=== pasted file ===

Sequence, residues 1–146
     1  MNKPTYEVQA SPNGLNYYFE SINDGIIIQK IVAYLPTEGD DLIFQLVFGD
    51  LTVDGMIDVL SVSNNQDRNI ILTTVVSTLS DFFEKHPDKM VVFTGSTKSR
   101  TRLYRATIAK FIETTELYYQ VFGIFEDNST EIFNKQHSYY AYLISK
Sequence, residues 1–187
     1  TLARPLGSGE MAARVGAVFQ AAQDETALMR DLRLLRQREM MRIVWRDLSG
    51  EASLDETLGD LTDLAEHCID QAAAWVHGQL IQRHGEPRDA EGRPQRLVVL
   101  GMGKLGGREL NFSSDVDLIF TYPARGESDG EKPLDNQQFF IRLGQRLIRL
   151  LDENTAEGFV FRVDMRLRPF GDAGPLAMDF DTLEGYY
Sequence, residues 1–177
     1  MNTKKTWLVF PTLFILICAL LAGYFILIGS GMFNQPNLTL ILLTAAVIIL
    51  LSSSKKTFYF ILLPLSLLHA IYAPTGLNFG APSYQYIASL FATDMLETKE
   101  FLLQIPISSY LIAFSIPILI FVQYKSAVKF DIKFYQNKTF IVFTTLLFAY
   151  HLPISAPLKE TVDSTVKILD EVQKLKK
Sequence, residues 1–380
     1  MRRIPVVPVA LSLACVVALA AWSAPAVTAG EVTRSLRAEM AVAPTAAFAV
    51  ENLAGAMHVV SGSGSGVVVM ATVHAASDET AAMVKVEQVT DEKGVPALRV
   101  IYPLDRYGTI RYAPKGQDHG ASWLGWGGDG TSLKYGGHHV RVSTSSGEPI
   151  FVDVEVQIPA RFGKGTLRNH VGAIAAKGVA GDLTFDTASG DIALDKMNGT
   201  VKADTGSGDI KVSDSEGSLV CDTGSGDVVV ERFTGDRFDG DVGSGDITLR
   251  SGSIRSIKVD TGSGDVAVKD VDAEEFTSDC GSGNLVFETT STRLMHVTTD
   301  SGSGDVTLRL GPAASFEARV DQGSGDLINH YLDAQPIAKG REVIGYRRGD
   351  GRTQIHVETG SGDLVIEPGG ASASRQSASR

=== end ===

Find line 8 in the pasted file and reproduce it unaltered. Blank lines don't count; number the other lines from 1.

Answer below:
   101  GMGKLGGREL NFSSDVDLIF TYPARGESDG EKPLDNQQFF IRLGQRLIRL